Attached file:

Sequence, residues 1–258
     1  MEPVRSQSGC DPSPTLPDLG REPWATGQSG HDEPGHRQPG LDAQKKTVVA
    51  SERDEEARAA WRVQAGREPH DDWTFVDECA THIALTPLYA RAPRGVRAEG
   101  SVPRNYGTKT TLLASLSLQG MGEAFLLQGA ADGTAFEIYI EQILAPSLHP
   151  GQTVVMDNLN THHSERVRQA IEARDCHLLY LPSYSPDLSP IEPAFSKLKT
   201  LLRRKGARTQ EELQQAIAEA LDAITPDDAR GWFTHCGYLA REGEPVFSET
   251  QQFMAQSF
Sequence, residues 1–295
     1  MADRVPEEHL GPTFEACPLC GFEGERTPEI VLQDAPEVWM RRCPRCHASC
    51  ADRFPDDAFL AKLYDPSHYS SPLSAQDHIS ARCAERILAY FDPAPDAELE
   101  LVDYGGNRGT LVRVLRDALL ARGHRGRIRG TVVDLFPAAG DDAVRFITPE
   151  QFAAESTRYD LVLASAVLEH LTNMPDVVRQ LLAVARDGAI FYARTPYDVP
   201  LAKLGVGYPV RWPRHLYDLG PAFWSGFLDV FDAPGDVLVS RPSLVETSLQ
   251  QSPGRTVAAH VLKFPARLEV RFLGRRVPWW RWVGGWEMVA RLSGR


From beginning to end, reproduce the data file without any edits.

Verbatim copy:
Sequence, residues 1–258
     1  MEPVRSQSGC DPSPTLPDLG REPWATGQSG HDEPGHRQPG LDAQKKTVVA
    51  SERDEEARAA WRVQAGREPH DDWTFVDECA THIALTPLYA RAPRGVRAEG
   101  SVPRNYGTKT TLLASLSLQG MGEAFLLQGA ADGTAFEIYI EQILAPSLHP
   151  GQTVVMDNLN THHSERVRQA IEARDCHLLY LPSYSPDLSP IEPAFSKLKT
   201  LLRRKGARTQ EELQQAIAEA LDAITPDDAR GWFTHCGYLA REGEPVFSET
   251  QQFMAQSF
Sequence, residues 1–295
     1  MADRVPEEHL GPTFEACPLC GFEGERTPEI VLQDAPEVWM RRCPRCHASC
    51  ADRFPDDAFL AKLYDPSHYS SPLSAQDHIS ARCAERILAY FDPAPDAELE
   101  LVDYGGNRGT LVRVLRDALL ARGHRGRIRG TVVDLFPAAG DDAVRFITPE
   151  QFAAESTRYD LVLASAVLEH LTNMPDVVRQ LLAVARDGAI FYARTPYDVP
   201  LAKLGVGYPV RWPRHLYDLG PAFWSGFLDV FDAPGDVLVS RPSLVETSLQ
   251  QSPGRTVAAH VLKFPARLEV RFLGRRVPWW RWVGGWEMVA RLSGR